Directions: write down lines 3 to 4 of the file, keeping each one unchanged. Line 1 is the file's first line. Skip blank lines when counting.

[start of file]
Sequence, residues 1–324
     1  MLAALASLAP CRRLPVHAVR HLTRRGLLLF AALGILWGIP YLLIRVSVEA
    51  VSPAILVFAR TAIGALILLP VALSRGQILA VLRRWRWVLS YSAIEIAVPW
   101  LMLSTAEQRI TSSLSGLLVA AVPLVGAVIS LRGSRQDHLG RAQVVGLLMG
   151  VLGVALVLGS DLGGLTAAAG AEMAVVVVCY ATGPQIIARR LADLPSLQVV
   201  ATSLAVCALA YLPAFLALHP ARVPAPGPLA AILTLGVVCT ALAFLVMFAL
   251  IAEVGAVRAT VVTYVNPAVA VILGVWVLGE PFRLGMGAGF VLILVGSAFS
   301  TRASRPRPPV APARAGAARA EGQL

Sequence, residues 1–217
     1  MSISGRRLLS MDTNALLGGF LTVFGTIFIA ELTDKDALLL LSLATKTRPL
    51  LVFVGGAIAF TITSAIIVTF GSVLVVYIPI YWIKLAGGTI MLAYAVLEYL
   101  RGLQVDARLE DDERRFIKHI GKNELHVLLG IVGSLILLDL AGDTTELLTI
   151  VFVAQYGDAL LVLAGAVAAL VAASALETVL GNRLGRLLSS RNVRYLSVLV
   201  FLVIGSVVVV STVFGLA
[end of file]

    51  VSPAILVFAR TAIGALILLP VALSRGQILA VLRRWRWVLS YSAIEIAVPW
   101  LMLSTAEQRI TSSLSGLLVA AVPLVGAVIS LRGSRQDHLG RAQVVGLLMG